the 9200 with a 128-bit memory interface is about 30-40% faster than the 9200SE with a 64-bit memory.
not everyone is a gamer. Having said that, you could upgrade this system to 2x256MB (preferably on a KT880 or nForce2 Ultra 400 board) and a Radeon 9550 128-bits ($70 on newegg) and it would play pretty much every game out there. Maybe not with high resolutions or filters, but people who care about those things can upgrade gradually.
Cocophone - Monday, August 9, 2004 - linkOk here is a budget system that I just bought.
MB Shuttle AN35N Ultra $56.00
RAM Corsair Value 512 MB $77.00
VGA Sapphire Radeon 9200 128MB $64.50
CPU Barton 2500 $87.00
Total $284.50 from Newegg
I already have a case, hard drives, and monitor.
But I think with a little creative searching on the hot deal websites you could spend about $200 for those items.
I've been reading the Entry level guides for a couple of months and decide I wanted something between Entry Level and Mid-Range.
skiboysteve - Monday, August 9, 2004 - linkIllissius you seem to have simply had a bad experience with your passive cooled card, I use a 9600 nonpro in my shuttle box and it is passive cooled, no problems. My brother also uses a pasive cooled card with no problems.
Cosmotic, a integrated solution as been talked about in many buyers guides but they are simply not as good as you think. The performance is very very poor, worse than the add in card mentioned here. They also lack features like DX8 or DX9 (depending on which, but you are refering to the DX7 nforce2 IGP) Also, they have problems with acceptable 2d image quality at higher resolutions like 1280x1024.
Link for performance comparisons:
I know toms sucks but the R9200 shows a 40% or so performance advantage over the IGP, not to mention DX8.1 and higher 2d image quality.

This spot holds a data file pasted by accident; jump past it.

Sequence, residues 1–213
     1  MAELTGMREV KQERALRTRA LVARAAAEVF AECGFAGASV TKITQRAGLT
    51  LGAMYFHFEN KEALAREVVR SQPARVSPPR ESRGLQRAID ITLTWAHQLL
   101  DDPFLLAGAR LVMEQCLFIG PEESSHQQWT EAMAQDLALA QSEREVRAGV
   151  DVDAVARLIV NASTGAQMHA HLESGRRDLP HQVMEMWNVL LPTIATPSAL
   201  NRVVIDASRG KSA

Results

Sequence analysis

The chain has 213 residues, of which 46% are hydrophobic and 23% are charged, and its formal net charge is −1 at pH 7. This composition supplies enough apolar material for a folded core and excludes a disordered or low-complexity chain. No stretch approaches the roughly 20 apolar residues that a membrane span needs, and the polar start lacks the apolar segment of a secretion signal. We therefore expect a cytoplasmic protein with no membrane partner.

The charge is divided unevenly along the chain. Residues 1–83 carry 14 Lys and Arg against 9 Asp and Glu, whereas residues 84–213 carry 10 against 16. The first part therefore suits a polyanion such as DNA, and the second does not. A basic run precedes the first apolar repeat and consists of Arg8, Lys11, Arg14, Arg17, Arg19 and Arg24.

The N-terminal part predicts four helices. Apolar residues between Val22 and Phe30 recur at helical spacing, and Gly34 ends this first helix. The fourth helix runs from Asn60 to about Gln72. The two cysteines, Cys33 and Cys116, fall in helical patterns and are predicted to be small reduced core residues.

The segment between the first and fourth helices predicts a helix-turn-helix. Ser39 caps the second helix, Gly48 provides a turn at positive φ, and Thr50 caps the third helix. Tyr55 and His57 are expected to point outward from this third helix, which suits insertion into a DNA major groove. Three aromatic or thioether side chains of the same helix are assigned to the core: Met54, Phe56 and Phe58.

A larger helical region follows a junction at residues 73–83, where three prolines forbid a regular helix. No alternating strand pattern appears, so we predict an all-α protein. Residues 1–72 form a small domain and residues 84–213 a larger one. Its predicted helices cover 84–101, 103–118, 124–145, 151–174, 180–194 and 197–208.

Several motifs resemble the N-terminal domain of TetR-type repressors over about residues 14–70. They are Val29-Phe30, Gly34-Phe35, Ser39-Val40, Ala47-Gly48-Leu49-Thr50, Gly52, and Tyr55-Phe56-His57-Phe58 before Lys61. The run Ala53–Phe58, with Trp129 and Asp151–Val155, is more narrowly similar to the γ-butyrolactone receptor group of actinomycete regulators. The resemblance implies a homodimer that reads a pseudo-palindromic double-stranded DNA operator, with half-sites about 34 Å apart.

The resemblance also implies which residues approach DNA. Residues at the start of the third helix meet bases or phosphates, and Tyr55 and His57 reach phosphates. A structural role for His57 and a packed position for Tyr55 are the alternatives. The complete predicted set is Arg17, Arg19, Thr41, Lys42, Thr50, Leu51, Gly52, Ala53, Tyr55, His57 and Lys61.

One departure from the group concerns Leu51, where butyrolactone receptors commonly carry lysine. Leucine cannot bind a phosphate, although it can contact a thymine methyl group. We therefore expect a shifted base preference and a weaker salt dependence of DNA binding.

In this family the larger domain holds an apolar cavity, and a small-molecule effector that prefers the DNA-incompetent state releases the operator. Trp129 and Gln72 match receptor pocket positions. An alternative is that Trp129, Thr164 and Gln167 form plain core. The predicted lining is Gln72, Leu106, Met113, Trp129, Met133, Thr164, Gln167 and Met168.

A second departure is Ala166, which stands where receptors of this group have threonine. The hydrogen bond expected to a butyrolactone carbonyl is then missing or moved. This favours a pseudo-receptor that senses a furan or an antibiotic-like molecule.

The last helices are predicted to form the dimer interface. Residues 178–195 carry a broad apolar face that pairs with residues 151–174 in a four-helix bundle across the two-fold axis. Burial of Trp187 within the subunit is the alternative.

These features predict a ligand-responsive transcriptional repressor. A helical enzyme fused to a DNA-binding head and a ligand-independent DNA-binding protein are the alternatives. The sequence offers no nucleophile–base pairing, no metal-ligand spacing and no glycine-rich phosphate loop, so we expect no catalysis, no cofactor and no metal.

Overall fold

skiboysteve - Monday, August 9, 2004 - linkThe NF7-S rev2 is NOT the AN7 like you say here:
"the ABIT NF7-S Rev.2 (also known as the ABIT AN7) "
The AN7 is a more feature rich version which also includes "uGuru" tech.
Illissius - Monday, August 9, 2004 - linkHere's a factor for the video card I haven't seen being considered: I would not ever again want a card with passive cooling. I had a 9200SE with such, and it routinely overheated, usually during games but sometimes just in windows, and not only on hot days. The config came without a case fan, and adding one helped matters a bit, but it merely caused it to overheat less often - not stop doing it.
Seeing as the primary goal for the budget system is stability, I think this should be taken into serious consideration, even if it runs a bit counter to the quietness thing - that's entirely secondary in comparison.
cosmotic - Monday, August 9, 2004 - linkOk, seriously, why arent you guys recomending at least dual channel? Its going to increase performance without increasing price! GOD! And again, integrated nVidia Video cards with nForce2 is cheaper and better than these shitty add-in cards. This is so close the the last price guide for budget, yet it still has the same problems that I pointed out last time. You can make a budget system for 400 bucks with monitor shipped... with the same performance as this... Why arent you recomending it?
john1022 - Monday, August 9, 2004 - linkRe: The CaseEdge TS1 case.
pcclub shows this at 39.99, plus shipping to my zipcode of @5.00 for a total of 64.99.
NewEgg is offering the SLK3700AMB with 350 watt power supply for $66.00 delivered.
Considering the relative quality, especially the power supply, this seems to be a much better deal to me.
AtaStrumf - Monday, August 9, 2004 - linkWhere's the feakin' Sempron OC article we were promised ASAP almost 2 weeks ago. Damn it, I realy need to know how the 3100+ overclocks.
Damn that Doom 3 week! GRRRRRR!
kherman - Monday, August 9, 2004 - linkIMHO: Even a value computer these days should be able to play Doom 3. Why not a higher end video card?
GhandiInstinct - Monday, August 9, 2004 - linkIn my opinion, better to save up for a system that can actually run good games than spend $542 on this system.
I think buying systems that are near high-end today, so that you are good for some months to come, makes more sense than buying a system that is out of date performance wise.